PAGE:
At least three trends merged together to birth this new world: one is that we are likely to live with COVID and other bio-medical black swans not in quarters but in years to come, including advancements in longevity and cancer-fighting technologies; the second is the evolution-turned-revolution progress in digitization, machine learning (ML) and artificial intelligence (AI); and the third is the changes in social ethos set in motion by events such as Black Lives Matter (BLM).
Dr. WHu returns for August with a New World in Tow
New World, New AI Arms Race
Three unexpected trends—COVID, AI/ML, BLM—merge to birth a new world order.
To leaders who are tasked by stakeholders to grow the organizations, AI and other digital tools are now indispensable in their leading the charge.
Leaders today are obligated to choose judiciously the AI/ML tools to acquire and the talents to invest in, while recognizing and influencing the new world we are already in, without self-delusion.
Let us start by looking at the top six industry sectors in the new world projected into the future. They are semiconductor, pharmaceuticals, personal products, software, technology hardware, and media.
Of the six, semiconductor, software, technology hardware and media are associated with the digitization of our work and personal lives. Pharmaceuticals and personal products are associated with our physical lives and well-being.
AI, Ethics, and Leadership in the New World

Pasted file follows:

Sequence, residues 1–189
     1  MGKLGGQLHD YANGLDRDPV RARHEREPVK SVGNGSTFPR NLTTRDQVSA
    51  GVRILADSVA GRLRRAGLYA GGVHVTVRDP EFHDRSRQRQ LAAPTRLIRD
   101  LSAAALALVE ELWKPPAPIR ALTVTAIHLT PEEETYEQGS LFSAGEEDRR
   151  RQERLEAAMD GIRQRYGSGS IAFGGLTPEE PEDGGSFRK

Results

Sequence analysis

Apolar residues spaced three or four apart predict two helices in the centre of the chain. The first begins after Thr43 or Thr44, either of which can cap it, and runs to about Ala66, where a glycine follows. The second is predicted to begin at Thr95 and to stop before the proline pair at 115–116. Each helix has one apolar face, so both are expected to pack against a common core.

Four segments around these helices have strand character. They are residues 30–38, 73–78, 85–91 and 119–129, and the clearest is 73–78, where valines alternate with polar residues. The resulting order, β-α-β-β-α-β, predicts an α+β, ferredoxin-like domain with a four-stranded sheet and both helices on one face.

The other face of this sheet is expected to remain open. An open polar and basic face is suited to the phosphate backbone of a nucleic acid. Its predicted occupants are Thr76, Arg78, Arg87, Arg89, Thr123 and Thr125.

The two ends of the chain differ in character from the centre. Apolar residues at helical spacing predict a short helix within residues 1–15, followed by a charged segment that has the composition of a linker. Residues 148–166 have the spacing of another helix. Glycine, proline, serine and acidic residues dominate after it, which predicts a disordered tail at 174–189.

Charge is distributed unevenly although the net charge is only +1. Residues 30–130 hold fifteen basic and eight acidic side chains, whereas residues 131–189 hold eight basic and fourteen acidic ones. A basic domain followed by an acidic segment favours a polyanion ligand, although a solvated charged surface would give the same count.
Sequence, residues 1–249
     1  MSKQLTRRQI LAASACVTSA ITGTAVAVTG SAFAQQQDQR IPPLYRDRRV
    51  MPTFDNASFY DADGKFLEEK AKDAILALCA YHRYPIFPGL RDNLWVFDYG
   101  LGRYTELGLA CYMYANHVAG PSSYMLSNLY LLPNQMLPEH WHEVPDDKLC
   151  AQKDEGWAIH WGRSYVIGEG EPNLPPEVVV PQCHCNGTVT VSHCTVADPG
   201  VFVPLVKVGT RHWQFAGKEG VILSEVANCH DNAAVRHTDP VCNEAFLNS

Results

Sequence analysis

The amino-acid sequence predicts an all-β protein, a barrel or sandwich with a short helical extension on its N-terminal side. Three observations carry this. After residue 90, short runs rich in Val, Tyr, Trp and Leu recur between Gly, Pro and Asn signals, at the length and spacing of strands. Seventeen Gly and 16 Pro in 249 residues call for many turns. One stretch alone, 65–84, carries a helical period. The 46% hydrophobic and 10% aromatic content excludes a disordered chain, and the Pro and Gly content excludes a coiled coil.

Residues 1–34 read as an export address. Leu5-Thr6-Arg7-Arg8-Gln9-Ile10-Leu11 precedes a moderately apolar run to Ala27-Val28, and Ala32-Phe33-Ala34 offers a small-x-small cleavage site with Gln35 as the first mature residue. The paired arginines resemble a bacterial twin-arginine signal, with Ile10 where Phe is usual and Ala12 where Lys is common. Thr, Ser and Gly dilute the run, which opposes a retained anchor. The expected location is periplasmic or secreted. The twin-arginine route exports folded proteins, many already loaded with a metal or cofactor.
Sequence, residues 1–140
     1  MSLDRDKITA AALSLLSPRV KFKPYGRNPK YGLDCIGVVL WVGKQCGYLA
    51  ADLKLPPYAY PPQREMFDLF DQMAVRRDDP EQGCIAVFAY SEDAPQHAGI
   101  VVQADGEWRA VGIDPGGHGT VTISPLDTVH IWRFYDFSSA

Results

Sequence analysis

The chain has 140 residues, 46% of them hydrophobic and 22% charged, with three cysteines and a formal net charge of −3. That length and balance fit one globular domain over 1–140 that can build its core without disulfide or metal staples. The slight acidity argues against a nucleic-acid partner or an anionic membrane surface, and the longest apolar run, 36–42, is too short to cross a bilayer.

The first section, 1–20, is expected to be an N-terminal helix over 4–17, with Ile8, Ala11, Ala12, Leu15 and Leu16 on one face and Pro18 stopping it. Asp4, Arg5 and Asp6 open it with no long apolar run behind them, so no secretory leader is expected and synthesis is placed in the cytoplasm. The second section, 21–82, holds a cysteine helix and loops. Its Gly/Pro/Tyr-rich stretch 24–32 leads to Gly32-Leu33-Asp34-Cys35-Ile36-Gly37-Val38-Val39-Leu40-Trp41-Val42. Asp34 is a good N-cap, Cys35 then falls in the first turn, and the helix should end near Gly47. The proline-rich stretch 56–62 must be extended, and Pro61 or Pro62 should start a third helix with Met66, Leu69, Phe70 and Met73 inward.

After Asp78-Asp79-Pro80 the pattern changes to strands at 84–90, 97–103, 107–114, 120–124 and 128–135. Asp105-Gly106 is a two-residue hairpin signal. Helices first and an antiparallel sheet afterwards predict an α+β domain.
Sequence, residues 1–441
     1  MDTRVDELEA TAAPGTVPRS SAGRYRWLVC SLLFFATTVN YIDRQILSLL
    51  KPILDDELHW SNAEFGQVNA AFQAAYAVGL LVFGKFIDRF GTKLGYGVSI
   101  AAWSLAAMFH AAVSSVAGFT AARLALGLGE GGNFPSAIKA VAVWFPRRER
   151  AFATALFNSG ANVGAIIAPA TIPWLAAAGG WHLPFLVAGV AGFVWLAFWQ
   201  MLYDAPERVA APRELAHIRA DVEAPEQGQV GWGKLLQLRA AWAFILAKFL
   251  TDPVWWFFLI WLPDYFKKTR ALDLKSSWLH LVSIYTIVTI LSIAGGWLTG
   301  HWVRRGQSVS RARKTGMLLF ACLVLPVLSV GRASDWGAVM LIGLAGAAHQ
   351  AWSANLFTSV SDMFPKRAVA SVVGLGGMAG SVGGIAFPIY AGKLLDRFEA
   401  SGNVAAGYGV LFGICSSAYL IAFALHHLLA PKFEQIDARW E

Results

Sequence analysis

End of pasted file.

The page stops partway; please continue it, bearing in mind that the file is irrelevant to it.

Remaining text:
“Excellence in both teaching and learning continues to be homo sapiens secret to beating the evolutionary odds.” —Dr. WHu
Leadership today is grounded even more on moral authority, in addition to organizational authority and abidance by laws and regulations. In a 24-7 connected world, the mere perception of non-ethical conduct can cause irreparable damage to reputations of corporates or individuals.
Autonomous machines, such as companion robots, autonomous vehicles, autonomous vacuum cleaners, and hospitality-industry concierge robots are becoming part of our society. They interact with human beings in close quarters constantly. We need Isaac Asimov’s Robotics Laws for that robot in our kitchen.
To do this, we need to first examine what is ethics and morality, in the eyes of human beings. On June 20, 2003, a runaway string of 31 unmanned Union Pacific freight cars, carrying 3800 tons of lumber and building materials, was hurtling towards the Union Pacific yards in Los Angeles. The dispatcher thought a Metrolink passenger train was in the yards. The dispatcher ordered the shunting of the runaway cars to a new track, Track 4: a track leading to an area with lower density housing of mostly lower income residents. Track 4 was rated for 15mph transits, much lower than the transit speed the cars were at. Derailment occurred. A pregnant woman in the lower income neighborhood narrowly escaped death.
Philosophers, moral psychologist, decision science researchers, and business ethicists have examined various facets of this case. Difficulty of ethical decision making then and there was exacerbated by the ‘fog of decision’ due to incomplete set of necessary data, the unknown knock-on effects, and the ambiguous guideline in this scenario. A decision had to be made, under risk and under uncertainty.Was the dispatcher’s decision ethical? What would you do if you were the dispatcher? If the Metrolink train was in the yard and had only one passenger, would you have shunted the cars? What if there were 15 passengers in the Metrolink train, would you have decided differently?